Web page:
It’s now getting close to the end of September. The weather is rapidly cooling off here. We’ve had frost several times (and had the wood stove up and running) and the leaves have begun to change colour.
We’ve been doing our regular thing, working on getting some projects finished that we started earlier.
If you recall from previously, we were working on building the drawer for the bottom of the pantry. That has now been completed and you can see the finished results here.
We also finished redoing our front steps. They turned out pretty nicely.
Another project we were working on was finding something to cover up the column of wires that goes from the floor to the ceiling up in the bedroom area. You can see it over on the right side of this picture.
Not only is it a column of wires, but some of them are attached to a set of switches so we can turn on and off the lights in that section. Originally, those wires were embedded inside the wall that made up the closet where the toilet was located. After we removed all of that, we were left with the wires. We had thought of putting up a big wall with closets and storage across that section and putting the wires back inside a wall, but we decided we liked the openness of the trailer better.
So we came up with another plan.
After the big storm that blew down several trees on our property I got the idea of using a log to cover the wires. We had a small maple tree that got knocked down when a big poplar snapped and fell on it. So I cut a section out of it and started to work on it.
First, I had to cut it in half and this was the most difficult part of the entire process. The log wasn’t perfectly straight so I needed something that could follow the curve of the wood. A big format band saw would really have helped with this, but I didn’t have access to one. A friend of ours had one of those portable/hand-held band saws, but it didn’t have enough clearance to cut the log.
So I settled on doing it the hard way with my sawsall/reciprocating saw. And when I say the hard way I am not exaggerating. It took me 3.5 hours to cut that log that was 193cm (76″). Actually, I only made it to within about 20cm (8″) of the end and the saw seized up so I finished it using a hand saw. My hands and arms were pretty woobly after that, but I did end up with the log cut in half.
The next step was to cut out the core so the wires would fit. A router would have been handy for that, but I didn’t have one of those either. I used my skill saw instead. I cut a 2cm (3/4″) trench right down the center of each of the half-logs. Here’s the first one.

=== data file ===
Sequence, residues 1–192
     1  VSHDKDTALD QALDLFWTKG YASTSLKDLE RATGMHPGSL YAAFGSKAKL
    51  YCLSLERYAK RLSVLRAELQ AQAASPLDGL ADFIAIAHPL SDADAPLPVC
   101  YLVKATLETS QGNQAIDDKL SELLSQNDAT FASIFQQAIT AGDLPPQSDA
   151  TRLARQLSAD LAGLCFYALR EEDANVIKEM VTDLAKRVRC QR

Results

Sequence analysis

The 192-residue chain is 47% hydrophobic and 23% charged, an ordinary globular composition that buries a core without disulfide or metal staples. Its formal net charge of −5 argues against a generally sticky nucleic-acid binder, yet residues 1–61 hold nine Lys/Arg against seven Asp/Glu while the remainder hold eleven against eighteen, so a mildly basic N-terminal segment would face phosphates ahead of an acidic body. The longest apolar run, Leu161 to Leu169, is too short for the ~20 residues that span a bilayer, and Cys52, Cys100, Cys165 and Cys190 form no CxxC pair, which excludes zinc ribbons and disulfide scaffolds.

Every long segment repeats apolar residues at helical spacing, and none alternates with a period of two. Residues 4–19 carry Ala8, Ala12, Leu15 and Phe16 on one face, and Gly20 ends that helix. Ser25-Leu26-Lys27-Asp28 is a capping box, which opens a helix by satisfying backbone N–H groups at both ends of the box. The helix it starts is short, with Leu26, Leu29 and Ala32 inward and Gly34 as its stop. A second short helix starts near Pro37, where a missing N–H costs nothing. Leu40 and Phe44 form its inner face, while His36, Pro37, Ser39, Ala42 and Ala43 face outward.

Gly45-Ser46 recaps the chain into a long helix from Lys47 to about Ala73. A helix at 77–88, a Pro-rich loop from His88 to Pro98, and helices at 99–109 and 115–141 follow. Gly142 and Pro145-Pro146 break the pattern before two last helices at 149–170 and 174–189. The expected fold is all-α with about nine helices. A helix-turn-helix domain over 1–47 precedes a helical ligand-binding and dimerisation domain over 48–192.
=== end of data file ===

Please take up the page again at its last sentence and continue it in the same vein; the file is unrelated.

After the trench was cut, I reconfigured the blade on the skill saw to be at 45° and cut out the sides, making a triangular trench down the center of the logs. Here you can see the first one is finished.
Despite the curvature of the log, using the skill saw worked quite well. Fortunately, the depth of the cuts wasn’t a lot; if it had been more, it would have been much more difficult to turn the saw to follow the curve of the wood.
Now having the cores cut out of the half-logs, the next thing to do was strip the bark off it. I took one half and Kat took the other. We both had a machete and went to work. It didn’t take long and the machete made short work of the bark.
We were getting close, but I still needed to add a spot for the light switch. In disconnecting the switch from the wires, one of the metal contacts on the switch was pulled out, thus destroying the switch so we had to order a new one. Luckily, Amazon sells replacements.
I took some measurements and cut a spot for the new switch to sit in.
And here you can see the switch sitting nicely in it.
Once that was completed, it was simply a matter of putting it all together. I clamped both pieces together and predrilled the holes for the screws. Then we took it inside, I wired up the new switch, we clamped both pieces together and I screwed it tight.
And here you can see the results. This is the switch side.
This is from the opposite side.
It was green wood so we didn’t put any varnish or other finishers on it yet. We’ll let it dry out over the winter and then see what we want to do in the spring. With the fire running all winter, the humidity drops significantly, so much of the moisture of the wood should be pulled out.
Yay, more things accomplished!